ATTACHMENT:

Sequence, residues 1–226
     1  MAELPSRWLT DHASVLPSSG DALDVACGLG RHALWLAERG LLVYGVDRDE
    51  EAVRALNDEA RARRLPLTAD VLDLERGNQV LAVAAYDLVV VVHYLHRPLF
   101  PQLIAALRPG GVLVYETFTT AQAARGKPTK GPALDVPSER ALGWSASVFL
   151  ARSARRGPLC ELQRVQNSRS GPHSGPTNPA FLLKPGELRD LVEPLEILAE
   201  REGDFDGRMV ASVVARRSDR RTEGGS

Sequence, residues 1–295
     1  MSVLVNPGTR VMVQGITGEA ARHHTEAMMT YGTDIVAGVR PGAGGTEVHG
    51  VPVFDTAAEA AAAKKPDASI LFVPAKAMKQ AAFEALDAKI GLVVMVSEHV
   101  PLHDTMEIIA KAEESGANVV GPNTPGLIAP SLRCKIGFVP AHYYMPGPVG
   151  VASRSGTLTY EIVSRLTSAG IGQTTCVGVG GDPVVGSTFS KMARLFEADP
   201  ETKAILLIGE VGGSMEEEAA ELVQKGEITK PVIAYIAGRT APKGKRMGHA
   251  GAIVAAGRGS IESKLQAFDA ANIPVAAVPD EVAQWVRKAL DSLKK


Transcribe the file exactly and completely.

Sequence, residues 1–226
     1  MAELPSRWLT DHASVLPSSG DALDVACGLG RHALWLAERG LLVYGVDRDE
    51  EAVRALNDEA RARRLPLTAD VLDLERGNQV LAVAAYDLVV VVHYLHRPLF
   101  PQLIAALRPG GVLVYETFTT AQAARGKPTK GPALDVPSER ALGWSASVFL
   151  ARSARRGPLC ELQRVQNSRS GPHSGPTNPA FLLKPGELRD LVEPLEILAE
   201  REGDFDGRMV ASVVARRSDR RTEGGS

Sequence, residues 1–295
     1  MSVLVNPGTR VMVQGITGEA ARHHTEAMMT YGTDIVAGVR PGAGGTEVHG
    51  VPVFDTAAEA AAAKKPDASI LFVPAKAMKQ AAFEALDAKI GLVVMVSEHV
   101  PLHDTMEIIA KAEESGANVV GPNTPGLIAP SLRCKIGFVP AHYYMPGPVG
   151  VASRSGTLTY EIVSRLTSAG IGQTTCVGVG GDPVVGSTFS KMARLFEADP
   201  ETKAILLIGE VGGSMEEEAA ELVQKGEITK PVIAYIAGRT APKGKRMGHA
   251  GAIVAAGRGS IESKLQAFDA ANIPVAAVPD EVAQWVRKAL DSLKK